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Lenovo expands AI offerings, liquid cooling

Lenovo sets itself apart from others by offering configured AI products to speed deployment and shape direction, while also expanding liquid cooling to lower costs.

In an effort to help customers deploy generative AI initiatives while keeping data center costs from ballooning, Lenovo is rolling out new AI services and offerings, as well as the latest generation of its liquid cooling technology.

Lenovo is offering new services meant to help customers begin using AI with its AI Fast Start, which provides an assessment of what to expect when utilizing artificial intelligence. AI Fast Start includes a partnership with Nvidia so that Lenovo customers can quickly deploy and scale full-stack Nvidia-based AI offerings. Lenovo is adding to its AI Innovator portfolio, prepackaged AI-powered products, to now include a virtual assistant as well as tailor-made offerings for the travel, manufacturing and retail industries.

The company is expanding its Neptune liquid cooling portfolio to include more ThinkSystem servers. Neptune is also getting an upgrade with new technology such as a cold plate design, on-memory cooling and warm-water cooling.

Lenovo's new AI services and liquid cooling expansion are a response to one of the struggles with AI adoption by providing prepackaged offerings for specific AI use cases, according to Steven Dickens, an analyst at the Futurum Group.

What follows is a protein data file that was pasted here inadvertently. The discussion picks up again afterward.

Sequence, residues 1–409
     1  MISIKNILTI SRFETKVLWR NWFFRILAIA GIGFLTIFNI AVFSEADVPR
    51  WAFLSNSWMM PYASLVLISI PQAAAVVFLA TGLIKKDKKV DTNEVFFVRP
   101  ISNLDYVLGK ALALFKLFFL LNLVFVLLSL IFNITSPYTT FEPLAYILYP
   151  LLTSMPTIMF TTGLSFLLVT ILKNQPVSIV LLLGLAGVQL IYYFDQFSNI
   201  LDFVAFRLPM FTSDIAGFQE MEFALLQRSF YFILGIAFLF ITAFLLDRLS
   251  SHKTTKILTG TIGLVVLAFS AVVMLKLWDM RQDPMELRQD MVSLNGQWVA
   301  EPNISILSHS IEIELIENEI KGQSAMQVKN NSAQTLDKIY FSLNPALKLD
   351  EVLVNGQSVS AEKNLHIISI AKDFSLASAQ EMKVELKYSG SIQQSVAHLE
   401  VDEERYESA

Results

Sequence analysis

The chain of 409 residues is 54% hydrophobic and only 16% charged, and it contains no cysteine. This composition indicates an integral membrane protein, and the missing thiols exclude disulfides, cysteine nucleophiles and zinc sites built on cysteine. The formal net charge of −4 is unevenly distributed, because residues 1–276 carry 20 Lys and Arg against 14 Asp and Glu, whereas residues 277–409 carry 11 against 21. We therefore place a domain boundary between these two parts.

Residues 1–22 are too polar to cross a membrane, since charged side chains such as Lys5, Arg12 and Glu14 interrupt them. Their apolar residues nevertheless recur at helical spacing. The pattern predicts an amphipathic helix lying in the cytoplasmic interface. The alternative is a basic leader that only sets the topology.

I think most of the market is at this point, 'I know I need to do something, but I don't know what to do and where to start.'
Steven DickensAnalyst, Futurum Group

"I think most of the market is at this point, 'I know I need to do something, but I don't know what to do and where to start,'" he said.

Lenovo continues to add to its marketplace of pre-integrated offerings using AI, which sets it apart from others including Dell with its AI Factory or Nvidia AI Computing by HPE, Dickens said.

Laying out AI

In Lenovo's "Inside the Tornado: How AI is Reshaping Corporate IT Today," the vendor found that a majority of the 750 IT leaders across 10 global markets polled are looking to deploy AI due to its potential. However, the right path to doing so to gain value and remain secure is less clear.

The vendor is set to address this through its Lenovo AI Fast Start, the ability to demonstrate live generative AI deployments to give users an idea of results to expect. This builds off of Lenovo's pocket-to-cloud approach for AI by providing everything from phones to high-end servers, as well as tools and services for AI workloads. For customers looking for Nvidia-specific AI offerings, Lenovo has AI Fast Start for Nvidia AI Enterprise, as well as AI Fast Start for Nvidia NIM inference microservices for containerized inference engines for Nvidia AI Foundation models.

Lenovo plans to soon add AI advisory services to build off AI Fast Start and help customers define desired business outcomes.

Regardless of the technology being considered, businesses need to make a case for investment before they adopt a new technology; providing customers with an idea of the value of the technology is critical to its success, according to Matt Kimball, an analyst at Moor Insights & Strategy.

"The reality is this lack of planning and really looking enterprise wide to understand business needs (and opportunities) and then demonstrating that value through a pilot of sorts is what can derail many projects before they even start," he said.